Faculty Profile: D Theodore Rave
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Teddy Rave writes and teaches in the areas of civil procedure, complex litigation, constitutional law, and election law. His recent scholarship focuses on class actions, multidistrict litigation, and public fiduciary law. Professor Rave’s articles have appeared in leading journals, including the Harvard Law Review, the California Law Review, the Duke Law Journal, the Georgetown Law Journal, the Northwestern University Law Review, and the Vanderbilt Law Review. His article, When Peace Is Not the Goal of a Class Action Settlement, was selected for the 2015 Yale/Stanford/Harvard Junior Faculty Forum. He was elected to the American Law Institute in 2018.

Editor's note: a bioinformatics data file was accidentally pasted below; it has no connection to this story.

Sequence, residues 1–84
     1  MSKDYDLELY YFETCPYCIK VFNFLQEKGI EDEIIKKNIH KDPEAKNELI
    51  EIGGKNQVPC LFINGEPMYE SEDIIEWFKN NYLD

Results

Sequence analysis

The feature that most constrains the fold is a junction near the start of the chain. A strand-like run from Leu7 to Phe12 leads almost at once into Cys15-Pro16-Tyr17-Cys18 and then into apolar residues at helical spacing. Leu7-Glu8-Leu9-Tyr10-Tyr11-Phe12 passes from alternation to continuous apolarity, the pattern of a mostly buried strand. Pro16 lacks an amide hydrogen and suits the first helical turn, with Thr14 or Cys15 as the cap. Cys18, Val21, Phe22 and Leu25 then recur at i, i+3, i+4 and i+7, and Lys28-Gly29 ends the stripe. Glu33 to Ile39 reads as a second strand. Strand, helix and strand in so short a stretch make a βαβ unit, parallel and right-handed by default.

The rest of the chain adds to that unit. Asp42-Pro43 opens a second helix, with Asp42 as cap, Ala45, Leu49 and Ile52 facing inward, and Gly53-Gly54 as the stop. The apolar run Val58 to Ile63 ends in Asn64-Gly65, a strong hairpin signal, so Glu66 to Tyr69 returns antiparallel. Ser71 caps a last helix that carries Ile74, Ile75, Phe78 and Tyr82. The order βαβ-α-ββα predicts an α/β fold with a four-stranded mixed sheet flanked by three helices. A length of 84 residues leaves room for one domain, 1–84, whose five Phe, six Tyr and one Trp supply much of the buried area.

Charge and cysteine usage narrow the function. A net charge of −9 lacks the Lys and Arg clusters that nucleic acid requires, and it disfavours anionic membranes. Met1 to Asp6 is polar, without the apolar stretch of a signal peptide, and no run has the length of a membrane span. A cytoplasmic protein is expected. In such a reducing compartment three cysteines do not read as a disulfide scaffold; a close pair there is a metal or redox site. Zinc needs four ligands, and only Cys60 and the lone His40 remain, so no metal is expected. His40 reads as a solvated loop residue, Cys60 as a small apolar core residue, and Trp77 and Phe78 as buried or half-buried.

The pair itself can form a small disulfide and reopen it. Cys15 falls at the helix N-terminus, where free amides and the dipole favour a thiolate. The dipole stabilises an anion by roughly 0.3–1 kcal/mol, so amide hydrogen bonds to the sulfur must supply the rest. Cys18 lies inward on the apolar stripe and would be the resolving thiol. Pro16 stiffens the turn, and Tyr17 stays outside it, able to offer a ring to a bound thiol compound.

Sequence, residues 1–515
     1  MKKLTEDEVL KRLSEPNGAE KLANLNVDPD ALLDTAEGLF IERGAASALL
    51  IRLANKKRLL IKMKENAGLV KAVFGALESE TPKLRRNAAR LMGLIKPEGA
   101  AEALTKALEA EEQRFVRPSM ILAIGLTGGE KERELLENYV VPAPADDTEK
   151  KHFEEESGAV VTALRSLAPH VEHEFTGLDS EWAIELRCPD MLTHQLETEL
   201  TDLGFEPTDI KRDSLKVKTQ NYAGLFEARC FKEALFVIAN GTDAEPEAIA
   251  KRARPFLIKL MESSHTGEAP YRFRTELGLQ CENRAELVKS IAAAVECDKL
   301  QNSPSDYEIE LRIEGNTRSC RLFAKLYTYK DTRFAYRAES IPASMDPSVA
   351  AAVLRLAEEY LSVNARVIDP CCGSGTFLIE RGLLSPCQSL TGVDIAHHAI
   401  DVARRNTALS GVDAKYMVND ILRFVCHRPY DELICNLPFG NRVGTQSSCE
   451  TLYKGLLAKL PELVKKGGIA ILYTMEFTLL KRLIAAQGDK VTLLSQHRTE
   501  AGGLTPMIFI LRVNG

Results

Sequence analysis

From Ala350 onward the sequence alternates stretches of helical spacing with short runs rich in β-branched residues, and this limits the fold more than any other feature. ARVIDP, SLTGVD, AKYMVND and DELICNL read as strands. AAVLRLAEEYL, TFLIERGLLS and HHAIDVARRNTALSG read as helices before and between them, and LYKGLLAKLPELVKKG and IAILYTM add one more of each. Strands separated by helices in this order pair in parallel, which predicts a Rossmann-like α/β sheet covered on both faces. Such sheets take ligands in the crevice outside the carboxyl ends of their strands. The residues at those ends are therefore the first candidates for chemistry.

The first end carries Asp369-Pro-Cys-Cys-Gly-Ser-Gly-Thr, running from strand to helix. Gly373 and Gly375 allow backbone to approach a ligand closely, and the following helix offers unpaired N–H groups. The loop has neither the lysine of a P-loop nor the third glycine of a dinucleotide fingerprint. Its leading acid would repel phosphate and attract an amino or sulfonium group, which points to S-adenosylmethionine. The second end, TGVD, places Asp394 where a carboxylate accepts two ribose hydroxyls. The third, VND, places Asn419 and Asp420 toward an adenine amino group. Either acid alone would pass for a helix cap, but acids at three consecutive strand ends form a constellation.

Professor Rave received his B.A. in History from Dartmouth College and his J.D. magna cum laude from New York University School of Law where he was senior executive editor of the New York University Law Review. Following law school, he clerked for Judge Leonard B. Sand on the U.S. District Court for the Southern District of New York and for Judge Robert A. Katzmann on the U.S. Court of Appeals for the Second Circuit. He worked for several years in the Issues and Appeals practice at Jones Day in New York, where he focused on appellate litigation, class actions, and multidistrict litigation. He began his academic career as a Furman Fellow at New York University School of Law. Before joining the Texas faculty in 2021, he was the George A. Butler Research Professor at the University of Houston Law Center, where he received the university-wide Teaching Excellence Award in 2018. In fall 2020, he was the Austin Wakeman Scott Visiting Professor of Law at Harvard Law School.
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